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The perfect learning environment – Wermsdorf primary school

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Wermsdorf primary school is designed as a zero-energy building and uses electrochromic SageGlass® as sun shading together with highly thermally insulated Schüco profiles.

photo Christian Eblenkamp | Wermsdorf primary school is designed as a zero-energy building and uses electrochromic SageGlass® as sun shading together with highly thermally insulated Schüco profiles.

Daylight has a positive impact on our productivity levels. However, overheating in school buildings due to excessive sunlight and disruptive glare needs to be avoided. Architectural practice IPROconsult tackled these criteria in its design for the new primary school in Wermsdorf, Saxony. When it came to sun shading for the zero-energy building, the architects opted for the electrochromic SageGlass® in conjunction with highly thermally insulated Schüco profiles. 


Until very recently, pupils at Wermsdorf primary school still received their lessons in the former post office of the municipality, which has a population of 5000 people. They've now moved into the new school building next to the old one in the heart of the town. Designed as a zero-energy building, the newbuild uses state-of-the-art technology. Concrete core activation in the floors/ceilings heats and cools the building. 

The electrochromic SageGlass®, manufactured by Saint-Gobain, was fitted in highly thermally insulated Schüco aluminium façade, window and door systems (FWS 60.HI, AWS 90.SI+ and ADS 90.SI) and used in all of the building envelope's transparent areas. Photographer: Christian Eblenkam

A central ventilation system in combination with a heat pump and heat exchanger ensures that the rooms have a constant supply of fresh air at the right temperature. The roof has a photovoltaic system, which transfers any excess energy it produces in the summer months over to neighbouring buildings. Smart regulation technology synchronises all the components of the building management system.

A key part of the energy concept is the building's thermal insulation. To this end, the electrochromic, zoned SageGlass®, manufactured by Saint-Gobain, was fitted in highly thermally insulated Schüco aluminium façade, window and door systems (FWS 60.HI, AWS 90.SI+ and ADS 90.SI) and used in all of the building envelope's transparent areas. The glass can be switched electronically and automatically regulates the amount of daylight let into the building, protecting pupils and teachers against glare with its colour tinting. The sun shading works even in severe weather conditions, and you can still see outside without restriction, despite the shading.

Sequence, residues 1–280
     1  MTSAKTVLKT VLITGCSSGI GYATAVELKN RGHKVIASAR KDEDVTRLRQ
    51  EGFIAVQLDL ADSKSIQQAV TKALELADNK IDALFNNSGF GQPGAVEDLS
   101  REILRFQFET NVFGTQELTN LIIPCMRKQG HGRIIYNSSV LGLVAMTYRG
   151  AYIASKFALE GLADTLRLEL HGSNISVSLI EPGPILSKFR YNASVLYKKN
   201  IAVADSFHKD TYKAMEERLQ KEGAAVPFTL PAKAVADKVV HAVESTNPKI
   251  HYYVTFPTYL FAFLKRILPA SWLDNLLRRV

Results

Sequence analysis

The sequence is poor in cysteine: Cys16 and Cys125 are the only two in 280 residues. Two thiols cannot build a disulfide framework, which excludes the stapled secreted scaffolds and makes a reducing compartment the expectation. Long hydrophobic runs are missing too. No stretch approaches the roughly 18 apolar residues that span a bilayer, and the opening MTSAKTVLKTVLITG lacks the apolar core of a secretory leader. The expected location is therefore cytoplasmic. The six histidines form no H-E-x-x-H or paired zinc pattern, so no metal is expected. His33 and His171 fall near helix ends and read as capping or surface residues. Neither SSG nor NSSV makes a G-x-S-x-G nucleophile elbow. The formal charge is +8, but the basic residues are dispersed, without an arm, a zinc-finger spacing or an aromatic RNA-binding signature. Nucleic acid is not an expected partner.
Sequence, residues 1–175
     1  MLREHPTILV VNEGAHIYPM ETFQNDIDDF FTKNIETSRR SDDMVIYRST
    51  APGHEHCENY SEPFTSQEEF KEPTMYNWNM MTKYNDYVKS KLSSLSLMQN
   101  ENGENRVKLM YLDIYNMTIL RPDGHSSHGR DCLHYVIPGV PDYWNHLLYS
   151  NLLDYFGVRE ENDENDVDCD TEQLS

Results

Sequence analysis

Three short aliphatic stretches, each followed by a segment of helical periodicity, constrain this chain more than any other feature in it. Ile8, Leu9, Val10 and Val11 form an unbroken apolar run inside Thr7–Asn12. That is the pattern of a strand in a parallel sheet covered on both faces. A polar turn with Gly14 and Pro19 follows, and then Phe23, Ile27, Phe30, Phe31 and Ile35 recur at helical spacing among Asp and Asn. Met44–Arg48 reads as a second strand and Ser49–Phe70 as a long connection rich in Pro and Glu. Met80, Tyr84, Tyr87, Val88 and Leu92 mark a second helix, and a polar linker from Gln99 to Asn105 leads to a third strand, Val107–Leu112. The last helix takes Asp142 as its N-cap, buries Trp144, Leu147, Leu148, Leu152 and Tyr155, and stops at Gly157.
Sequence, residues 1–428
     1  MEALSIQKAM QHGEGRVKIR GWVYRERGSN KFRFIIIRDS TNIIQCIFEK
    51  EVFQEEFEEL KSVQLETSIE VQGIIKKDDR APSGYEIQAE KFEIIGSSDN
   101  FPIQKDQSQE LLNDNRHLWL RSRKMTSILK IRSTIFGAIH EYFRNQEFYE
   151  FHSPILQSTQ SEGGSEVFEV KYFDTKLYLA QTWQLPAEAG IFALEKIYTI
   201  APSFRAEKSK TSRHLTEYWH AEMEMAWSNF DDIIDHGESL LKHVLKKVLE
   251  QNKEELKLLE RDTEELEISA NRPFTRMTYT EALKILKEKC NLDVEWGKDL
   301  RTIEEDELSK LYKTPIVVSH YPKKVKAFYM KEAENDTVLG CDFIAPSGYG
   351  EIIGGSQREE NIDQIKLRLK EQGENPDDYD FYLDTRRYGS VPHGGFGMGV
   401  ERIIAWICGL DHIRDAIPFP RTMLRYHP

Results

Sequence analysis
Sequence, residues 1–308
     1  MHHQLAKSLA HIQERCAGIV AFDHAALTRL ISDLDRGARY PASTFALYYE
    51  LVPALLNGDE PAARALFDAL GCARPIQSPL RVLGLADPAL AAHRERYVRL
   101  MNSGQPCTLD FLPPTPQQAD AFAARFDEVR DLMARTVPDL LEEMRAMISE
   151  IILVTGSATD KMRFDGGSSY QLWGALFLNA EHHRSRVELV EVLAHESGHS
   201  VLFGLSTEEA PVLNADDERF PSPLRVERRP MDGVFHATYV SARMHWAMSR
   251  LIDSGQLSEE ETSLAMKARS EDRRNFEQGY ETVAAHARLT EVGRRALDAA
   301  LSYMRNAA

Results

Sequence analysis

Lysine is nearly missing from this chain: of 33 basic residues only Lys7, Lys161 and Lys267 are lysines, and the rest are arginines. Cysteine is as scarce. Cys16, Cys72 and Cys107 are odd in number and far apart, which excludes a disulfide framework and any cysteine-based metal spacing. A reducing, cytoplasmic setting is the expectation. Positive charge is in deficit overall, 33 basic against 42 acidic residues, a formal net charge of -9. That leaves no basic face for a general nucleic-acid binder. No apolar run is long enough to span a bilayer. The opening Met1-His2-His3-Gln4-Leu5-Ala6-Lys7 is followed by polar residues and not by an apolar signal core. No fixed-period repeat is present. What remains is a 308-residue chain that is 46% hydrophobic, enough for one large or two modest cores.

The panes change their tinting level depending on the time of day, amount of light and indoor temperature. The automatic control system, which is connected to sensors on the façade, takes care of this. Photographer: Christian Eblenkamp

We chose SageGlass® because it provides convenient sun shading and a pleasant indoor climate – explains project architect Sabine Schlicke. 


Her colleague Martin Fink adds:Another benefit is the zoning of the panes. With this you can bring light into the room while protecting against glare.


Each window area is split into three zones, which can be controlled individually. Daylight brightens up the room through the top section, while the rest of the window is tinted to provide shading and protect pupils from glare while they work. The panes change their tinting level depending on the time of day, amount of light and indoor temperature. The automatic control system, which is connected to sensors on the façade, takes care of this. This means that the building's external appearance changes over the course of the day. The transition between the individual levels is smooth, without disturbing the teachers and pupils. In addition to automatic mode, the SageGlass® panes can also be operated manually by room, for example for those using a computer in their lesson.

The zoning of the panes allows light into the room while letting people work without glare. The SageGlass® panes can also be operated manually by room, for example for those using a computer in their lesson. Photographer: Christian Eblenkamp

The new school building was funded by the European Union's European Regional Development Fund (ERDF). This includes monitoring every two years. Leipzig University of Applied Sciences, which is responsible for carrying this out, is scheduled to publish the results at the end of the 2021/2022 school year.

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